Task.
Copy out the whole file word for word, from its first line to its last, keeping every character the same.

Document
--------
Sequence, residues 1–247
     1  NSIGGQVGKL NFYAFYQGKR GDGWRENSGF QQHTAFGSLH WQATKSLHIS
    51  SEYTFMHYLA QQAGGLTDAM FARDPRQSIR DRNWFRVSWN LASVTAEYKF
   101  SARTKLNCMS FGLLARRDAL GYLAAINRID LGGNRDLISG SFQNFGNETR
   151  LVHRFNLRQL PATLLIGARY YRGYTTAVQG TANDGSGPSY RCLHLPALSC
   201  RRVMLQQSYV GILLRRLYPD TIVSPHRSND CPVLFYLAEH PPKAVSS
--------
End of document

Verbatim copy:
Sequence, residues 1–247
     1  NSIGGQVGKL NFYAFYQGKR GDGWRENSGF QQHTAFGSLH WQATKSLHIS
    51  SEYTFMHYLA QQAGGLTDAM FARDPRQSIR DRNWFRVSWN LASVTAEYKF
   101  SARTKLNCMS FGLLARRDAL GYLAAINRID LGGNRDLISG SFQNFGNETR
   151  LVHRFNLRQL PATLLIGARY YRGYTTAVQG TANDGSGPSY RCLHLPALSC
   201  RRVMLQQSYV GILLRRLYPD TIVSPHRSND CPVLFYLAEH PPKAVSS